I went on to have 22 sessions of conventional external beam radiation. Eventually I was on the last stage of treatment, which was differentiation therapy, which involved taking 13-cis-retinoic acid; an oral medication. I experienced extreme side effects during the first cycle; I was admitted to hospital with severe migraines and vomiting, so the medication was reduced by 25%. The following cycles I tolerated better, however it still made me feel really unwell and I felt increasingly anxious. Due to the way it made me feel I stopped the medication slightly early. I had end of treatment scans and the tumour had shrunk a little bit more and was roughly the size of a tennis ball, but it was more of a stretched tennis ball! Both my parents and myself were apprehensive about there still being residual tumour, but we were reassured it would be monitored. I had my portacath removed and tried to move on and look forward. I had three monthly MRI scans for the first year, six monthly MRI scans for two years and yearly MRI scans for one year, which all shown stable disease.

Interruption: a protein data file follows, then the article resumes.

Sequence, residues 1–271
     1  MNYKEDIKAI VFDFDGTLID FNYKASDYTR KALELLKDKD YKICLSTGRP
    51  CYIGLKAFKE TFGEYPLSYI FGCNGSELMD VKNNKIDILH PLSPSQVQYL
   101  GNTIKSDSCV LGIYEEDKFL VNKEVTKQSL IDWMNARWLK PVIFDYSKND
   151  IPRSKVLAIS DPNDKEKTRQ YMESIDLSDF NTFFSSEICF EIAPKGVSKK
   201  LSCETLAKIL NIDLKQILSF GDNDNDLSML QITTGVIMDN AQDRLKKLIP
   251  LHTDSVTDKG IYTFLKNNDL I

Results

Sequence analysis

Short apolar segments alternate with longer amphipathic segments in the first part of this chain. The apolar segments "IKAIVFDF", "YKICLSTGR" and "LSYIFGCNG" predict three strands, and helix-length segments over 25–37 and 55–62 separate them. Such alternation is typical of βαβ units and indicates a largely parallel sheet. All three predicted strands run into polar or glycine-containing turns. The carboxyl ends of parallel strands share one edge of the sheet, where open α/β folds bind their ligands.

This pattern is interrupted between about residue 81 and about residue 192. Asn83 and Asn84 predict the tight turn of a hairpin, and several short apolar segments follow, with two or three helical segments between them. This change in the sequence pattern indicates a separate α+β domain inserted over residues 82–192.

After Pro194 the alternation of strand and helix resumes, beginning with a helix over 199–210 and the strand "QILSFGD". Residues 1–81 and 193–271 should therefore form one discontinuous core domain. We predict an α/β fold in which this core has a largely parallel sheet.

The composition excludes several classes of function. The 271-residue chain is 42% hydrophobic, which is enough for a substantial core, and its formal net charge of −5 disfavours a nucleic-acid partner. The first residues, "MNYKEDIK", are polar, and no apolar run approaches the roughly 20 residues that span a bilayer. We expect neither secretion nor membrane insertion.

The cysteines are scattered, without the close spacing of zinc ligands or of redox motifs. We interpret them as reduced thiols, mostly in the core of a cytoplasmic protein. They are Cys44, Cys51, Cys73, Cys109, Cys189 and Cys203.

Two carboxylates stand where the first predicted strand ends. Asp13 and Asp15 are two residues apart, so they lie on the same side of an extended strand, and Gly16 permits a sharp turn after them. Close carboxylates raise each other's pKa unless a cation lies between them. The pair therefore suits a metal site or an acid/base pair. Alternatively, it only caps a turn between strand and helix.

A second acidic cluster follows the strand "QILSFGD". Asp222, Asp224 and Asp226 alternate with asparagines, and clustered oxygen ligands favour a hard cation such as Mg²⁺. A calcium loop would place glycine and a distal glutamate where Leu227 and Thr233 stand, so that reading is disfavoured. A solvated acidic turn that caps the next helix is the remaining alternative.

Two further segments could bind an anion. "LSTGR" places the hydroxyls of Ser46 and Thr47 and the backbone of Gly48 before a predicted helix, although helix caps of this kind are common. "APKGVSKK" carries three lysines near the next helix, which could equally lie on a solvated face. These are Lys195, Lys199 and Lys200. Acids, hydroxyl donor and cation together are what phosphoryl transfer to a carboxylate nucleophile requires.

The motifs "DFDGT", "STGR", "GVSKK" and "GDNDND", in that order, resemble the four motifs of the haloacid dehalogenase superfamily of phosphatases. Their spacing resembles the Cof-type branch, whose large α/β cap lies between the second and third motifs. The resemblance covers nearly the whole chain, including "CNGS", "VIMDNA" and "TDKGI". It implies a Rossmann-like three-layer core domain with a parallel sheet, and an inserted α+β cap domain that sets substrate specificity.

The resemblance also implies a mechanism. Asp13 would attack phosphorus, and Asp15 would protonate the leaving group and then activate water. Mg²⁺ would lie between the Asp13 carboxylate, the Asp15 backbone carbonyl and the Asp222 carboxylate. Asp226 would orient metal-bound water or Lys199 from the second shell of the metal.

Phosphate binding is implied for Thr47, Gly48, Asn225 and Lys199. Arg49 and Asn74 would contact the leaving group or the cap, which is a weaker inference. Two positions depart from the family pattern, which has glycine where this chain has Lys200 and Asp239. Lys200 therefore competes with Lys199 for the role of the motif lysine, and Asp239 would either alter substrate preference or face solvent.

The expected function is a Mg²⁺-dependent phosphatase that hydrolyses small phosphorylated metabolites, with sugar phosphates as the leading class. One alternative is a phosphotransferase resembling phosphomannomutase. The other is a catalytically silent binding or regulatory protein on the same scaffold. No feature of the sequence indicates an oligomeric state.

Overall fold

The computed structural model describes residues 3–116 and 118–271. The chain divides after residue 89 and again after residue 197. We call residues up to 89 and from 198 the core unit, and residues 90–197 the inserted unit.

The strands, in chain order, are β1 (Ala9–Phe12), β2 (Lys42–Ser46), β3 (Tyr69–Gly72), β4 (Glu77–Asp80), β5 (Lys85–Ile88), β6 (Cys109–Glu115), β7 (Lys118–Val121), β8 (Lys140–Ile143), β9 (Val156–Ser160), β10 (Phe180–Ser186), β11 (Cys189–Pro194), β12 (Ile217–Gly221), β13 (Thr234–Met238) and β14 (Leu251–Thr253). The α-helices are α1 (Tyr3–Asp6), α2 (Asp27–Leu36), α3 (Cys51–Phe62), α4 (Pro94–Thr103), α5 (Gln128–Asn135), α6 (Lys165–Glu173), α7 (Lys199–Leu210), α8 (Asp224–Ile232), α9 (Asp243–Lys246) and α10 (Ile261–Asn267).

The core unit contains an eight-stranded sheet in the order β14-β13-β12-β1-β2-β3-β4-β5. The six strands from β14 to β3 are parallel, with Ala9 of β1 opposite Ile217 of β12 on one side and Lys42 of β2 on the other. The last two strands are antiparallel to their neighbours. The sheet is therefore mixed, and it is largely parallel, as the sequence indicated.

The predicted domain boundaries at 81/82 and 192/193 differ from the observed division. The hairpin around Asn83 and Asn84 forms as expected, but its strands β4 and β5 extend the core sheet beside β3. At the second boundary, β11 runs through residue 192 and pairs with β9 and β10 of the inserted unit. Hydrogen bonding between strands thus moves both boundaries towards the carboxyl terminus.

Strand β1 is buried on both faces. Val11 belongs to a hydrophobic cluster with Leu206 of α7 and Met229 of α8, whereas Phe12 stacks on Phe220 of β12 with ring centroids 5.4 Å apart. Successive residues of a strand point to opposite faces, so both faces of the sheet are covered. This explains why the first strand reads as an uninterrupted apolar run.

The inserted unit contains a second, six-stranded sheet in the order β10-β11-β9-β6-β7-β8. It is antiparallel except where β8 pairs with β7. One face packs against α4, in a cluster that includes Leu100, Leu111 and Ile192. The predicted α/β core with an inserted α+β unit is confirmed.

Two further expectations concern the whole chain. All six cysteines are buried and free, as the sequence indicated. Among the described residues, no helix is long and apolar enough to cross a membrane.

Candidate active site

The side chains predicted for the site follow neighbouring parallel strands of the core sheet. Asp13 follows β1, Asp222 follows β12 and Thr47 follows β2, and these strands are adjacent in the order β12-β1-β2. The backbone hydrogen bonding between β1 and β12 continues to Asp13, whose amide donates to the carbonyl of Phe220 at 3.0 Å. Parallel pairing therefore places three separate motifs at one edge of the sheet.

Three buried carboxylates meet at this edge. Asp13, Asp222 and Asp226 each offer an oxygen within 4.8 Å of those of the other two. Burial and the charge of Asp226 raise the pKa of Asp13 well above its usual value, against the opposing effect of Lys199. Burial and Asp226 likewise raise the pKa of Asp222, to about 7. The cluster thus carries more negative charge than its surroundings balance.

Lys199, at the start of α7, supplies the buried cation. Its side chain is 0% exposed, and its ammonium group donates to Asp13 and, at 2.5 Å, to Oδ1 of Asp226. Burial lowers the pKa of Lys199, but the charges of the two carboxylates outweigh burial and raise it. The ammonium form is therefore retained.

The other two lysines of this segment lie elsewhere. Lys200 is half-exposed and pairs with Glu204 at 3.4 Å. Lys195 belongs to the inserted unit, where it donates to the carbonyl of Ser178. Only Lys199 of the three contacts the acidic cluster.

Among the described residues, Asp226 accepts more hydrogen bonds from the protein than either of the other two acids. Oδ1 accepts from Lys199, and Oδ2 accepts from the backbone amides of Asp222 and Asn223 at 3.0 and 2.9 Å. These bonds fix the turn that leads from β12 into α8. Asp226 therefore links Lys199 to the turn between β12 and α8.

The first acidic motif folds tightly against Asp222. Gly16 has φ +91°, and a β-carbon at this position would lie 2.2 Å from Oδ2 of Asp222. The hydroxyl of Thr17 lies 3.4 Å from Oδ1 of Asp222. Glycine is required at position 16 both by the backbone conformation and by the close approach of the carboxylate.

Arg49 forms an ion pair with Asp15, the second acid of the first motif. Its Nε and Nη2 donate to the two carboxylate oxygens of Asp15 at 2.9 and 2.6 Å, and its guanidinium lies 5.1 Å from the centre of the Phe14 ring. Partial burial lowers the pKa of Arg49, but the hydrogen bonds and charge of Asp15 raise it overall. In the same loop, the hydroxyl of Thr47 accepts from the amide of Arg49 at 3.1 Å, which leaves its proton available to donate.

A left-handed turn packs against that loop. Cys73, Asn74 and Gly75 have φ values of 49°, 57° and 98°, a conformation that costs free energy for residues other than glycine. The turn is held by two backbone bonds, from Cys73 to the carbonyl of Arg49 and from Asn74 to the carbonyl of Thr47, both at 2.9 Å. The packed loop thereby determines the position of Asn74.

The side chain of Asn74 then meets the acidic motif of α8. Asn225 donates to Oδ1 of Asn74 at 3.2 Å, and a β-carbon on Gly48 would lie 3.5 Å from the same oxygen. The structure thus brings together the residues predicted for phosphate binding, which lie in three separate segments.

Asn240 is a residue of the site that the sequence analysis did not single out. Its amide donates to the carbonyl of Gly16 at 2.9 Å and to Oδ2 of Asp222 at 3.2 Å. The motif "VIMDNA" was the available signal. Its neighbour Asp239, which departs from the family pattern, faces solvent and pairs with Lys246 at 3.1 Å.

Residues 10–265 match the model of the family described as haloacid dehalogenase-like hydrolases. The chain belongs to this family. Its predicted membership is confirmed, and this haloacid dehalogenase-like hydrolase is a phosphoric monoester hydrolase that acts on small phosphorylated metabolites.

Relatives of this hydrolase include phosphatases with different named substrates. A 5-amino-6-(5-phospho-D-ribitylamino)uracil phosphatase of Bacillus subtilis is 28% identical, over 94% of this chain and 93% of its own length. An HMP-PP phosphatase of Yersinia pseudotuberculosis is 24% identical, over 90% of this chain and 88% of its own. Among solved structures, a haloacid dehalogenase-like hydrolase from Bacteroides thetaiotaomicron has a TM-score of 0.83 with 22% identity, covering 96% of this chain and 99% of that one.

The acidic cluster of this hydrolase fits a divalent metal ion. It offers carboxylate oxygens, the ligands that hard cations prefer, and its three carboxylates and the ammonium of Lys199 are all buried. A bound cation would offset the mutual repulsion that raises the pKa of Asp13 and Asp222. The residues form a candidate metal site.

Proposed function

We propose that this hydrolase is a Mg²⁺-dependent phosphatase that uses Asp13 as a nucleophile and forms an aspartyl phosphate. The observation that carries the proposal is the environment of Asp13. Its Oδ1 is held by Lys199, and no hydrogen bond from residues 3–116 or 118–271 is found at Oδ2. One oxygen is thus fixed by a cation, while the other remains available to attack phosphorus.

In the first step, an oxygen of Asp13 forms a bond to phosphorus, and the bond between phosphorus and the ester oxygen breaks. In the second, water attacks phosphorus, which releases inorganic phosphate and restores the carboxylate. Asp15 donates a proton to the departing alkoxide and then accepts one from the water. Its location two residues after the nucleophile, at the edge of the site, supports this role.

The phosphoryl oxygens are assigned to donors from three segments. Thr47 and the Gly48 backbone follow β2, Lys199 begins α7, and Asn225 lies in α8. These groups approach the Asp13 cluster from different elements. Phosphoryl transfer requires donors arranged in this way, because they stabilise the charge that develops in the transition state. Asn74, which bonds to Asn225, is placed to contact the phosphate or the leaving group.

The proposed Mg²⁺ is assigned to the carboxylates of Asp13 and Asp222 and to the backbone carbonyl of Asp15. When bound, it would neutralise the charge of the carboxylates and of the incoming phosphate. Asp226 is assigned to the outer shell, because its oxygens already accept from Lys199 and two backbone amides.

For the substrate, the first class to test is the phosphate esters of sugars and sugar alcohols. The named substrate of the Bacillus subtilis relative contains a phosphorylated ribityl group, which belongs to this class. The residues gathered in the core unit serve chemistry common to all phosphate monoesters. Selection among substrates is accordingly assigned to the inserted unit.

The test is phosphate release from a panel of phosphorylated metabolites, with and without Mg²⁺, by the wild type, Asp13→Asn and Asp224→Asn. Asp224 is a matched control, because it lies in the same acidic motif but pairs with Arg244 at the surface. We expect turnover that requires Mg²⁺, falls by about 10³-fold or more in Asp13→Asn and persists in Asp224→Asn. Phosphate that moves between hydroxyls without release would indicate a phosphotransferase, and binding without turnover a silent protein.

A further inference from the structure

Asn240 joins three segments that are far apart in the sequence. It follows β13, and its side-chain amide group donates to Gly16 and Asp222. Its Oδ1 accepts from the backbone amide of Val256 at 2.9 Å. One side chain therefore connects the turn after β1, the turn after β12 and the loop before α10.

chloe smiling (1)

The whole process was mentally and physically tough

I found the treatment extremely tough not just physically but also mentally. As a teenager my care free life was taken away. I suddenly had to undergo all these gruelling treatments, to give me a chance of a future. I met friends along the way whom of which I made bonds with; one was a lad who I met when I had radiotherapy and another was a young girl of a similar age with the same cancer we spoke daily. They unfortunately both died and this resulted in me having survivor’s guilt. When I finished treatment I had all these intense overwhelming emotions, I expected to just be so happy I had finished treatment, but instead I felt like a shell of my former self and incredibly anxious. It was like I did not know how to live a normal life anymore. It wasn’t as easy as picking up where I left off; I had changed and was still living through the trauma of going through cancer.

chloe sailing with sunglasses

Long term side effects